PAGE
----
Land Reform

Land Reform
   One of the most contentious measures introduced in the immediate postwar period, the 1950 land reform was a major step in the modernization of Italian agriculture and reduced the political power of the landowning class in southern and central Italy. Pressure for land reform arose after the death of Benito Mussoliniwhen peasants in Sicily and other parts of Italy occupied and began to cultivate land left fallow by absentee landlords. Fausto Gullo of the Partito Comunista Italiano/Italian Communist Party (PCI), as minister for agriculture in Allied-occupied Italy, introduced a series of decrees in 1944 that allowed peasant cooperatives to take over arable land left uncultivated by its owners. Over the next two years, tens of thousands of peasants formed cooperatives, and a considerable quantity of land was put to productive use. Gullo’s decrees met with uncompromising opposition from the Democrazia Cristiana/Christian Democracy Party (DC), worried that the PCI would reap a harvest of votes among the rural poor, and from the Partito Liberale Italiano/ Italian Liberal Party (PLI).
   Under Antonio Segni, minister for agriculture in the cabinet formed by Alcide De Gasperi in July 1946, the legal balance was restored to favor the landowners. In 1949, grievances boiled over and all of southern Italy, save Calabria and Basilicata, saw mass occupations of private land. The police intervened to defend private property, and a number of people were killed. Such repressive tactics only exacerbated tensions in the Mezzogiorno and won the DC no friends in Washington. Starting in May 1950, therefore, De Gasperi and Segni promoted three laws (one for Sicily, one for Calabria, and one for the marshland areas near Rome and the Po River valley) that aimed to break up the great estates and redistribute the land among the peasants who worked it. State land development agencies were created to improve uncultivated terrain and to sell it, at discounted prices, to landless peasants. Generous land improvement grants were provided, and the Italian government made an expensive effort to provide infrastructure for normally neglected rural regions.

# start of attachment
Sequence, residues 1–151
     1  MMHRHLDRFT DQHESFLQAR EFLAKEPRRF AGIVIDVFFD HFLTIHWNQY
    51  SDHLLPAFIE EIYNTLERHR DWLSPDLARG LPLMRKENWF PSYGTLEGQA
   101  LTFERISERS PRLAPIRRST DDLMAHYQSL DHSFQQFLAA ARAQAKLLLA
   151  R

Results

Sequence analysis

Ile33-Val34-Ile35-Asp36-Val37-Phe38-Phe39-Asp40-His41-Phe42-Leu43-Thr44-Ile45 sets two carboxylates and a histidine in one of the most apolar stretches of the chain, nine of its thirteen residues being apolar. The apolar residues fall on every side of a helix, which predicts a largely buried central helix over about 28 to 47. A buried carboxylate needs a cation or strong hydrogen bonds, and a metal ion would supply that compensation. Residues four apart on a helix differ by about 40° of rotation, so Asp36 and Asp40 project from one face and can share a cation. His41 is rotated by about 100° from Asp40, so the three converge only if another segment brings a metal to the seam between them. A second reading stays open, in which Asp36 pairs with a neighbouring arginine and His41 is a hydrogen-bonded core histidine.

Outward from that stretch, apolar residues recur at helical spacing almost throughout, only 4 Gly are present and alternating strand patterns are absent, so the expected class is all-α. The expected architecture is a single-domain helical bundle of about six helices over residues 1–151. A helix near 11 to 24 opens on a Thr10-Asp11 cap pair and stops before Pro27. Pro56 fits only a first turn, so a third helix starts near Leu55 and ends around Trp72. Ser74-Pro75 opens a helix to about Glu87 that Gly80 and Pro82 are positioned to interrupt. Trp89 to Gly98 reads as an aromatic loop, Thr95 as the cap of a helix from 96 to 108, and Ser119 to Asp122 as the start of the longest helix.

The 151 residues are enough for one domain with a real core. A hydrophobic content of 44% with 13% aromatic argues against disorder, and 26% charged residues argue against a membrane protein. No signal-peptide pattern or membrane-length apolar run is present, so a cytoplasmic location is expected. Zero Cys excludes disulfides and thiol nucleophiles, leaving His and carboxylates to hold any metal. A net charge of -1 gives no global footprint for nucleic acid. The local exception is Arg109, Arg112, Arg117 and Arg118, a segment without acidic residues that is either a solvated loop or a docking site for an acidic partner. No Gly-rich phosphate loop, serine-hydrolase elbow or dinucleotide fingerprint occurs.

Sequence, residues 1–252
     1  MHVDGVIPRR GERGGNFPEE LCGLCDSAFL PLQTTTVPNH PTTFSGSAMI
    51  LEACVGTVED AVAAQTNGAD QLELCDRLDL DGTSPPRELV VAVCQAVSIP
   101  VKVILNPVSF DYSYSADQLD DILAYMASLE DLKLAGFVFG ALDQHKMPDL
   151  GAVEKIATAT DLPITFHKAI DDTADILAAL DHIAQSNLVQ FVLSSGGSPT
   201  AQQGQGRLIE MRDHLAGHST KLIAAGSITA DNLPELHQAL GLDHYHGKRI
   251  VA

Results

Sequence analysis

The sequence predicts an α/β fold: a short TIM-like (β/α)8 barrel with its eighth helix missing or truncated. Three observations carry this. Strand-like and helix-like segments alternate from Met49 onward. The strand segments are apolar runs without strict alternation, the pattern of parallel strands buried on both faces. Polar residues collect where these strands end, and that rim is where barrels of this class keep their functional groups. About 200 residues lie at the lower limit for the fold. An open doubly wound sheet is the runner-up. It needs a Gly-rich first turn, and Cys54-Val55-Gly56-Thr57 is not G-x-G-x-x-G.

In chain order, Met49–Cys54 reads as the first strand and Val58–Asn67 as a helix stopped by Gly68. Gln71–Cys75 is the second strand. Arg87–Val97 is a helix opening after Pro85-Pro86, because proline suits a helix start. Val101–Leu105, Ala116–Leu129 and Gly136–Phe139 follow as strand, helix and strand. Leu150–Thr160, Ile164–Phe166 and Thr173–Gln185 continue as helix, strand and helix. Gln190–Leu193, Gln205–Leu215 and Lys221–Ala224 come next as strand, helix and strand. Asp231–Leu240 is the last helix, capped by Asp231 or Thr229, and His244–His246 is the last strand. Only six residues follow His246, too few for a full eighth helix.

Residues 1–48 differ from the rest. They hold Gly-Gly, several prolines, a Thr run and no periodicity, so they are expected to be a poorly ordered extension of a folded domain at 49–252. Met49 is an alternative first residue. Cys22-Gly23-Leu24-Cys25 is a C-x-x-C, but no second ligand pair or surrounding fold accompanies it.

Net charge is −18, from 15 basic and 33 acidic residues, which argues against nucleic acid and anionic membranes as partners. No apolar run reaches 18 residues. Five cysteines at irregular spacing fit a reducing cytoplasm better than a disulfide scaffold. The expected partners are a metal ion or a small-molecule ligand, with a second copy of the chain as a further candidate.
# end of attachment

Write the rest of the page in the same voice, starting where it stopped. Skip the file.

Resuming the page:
Over the next two decades, agricultural productivity rose dramatically in Italy, and the net harvest of the main crops (grain, grapes, vegetables) increased despite a sharp fall in farm workers as peasants migrated to the booming factories of the industrial cities and to northern Europe. Such gains in production, however, were due less to the land reform, which affected only a few hundred thousand people directly, than to the huge investments poured into agriculture by the DC in the 1950s and 1960s. By the 1970s, more than one-third of the average farmer’s income came from state subsidies, and unsurprisingly, the agricultural producers’associations (consorzie) became a bastion of support for the DC.
   See also Cassa per il Mezzogiorno; Latifondi; Southern Italy.

Historical Dictionary of Modern Italy. . 2007.

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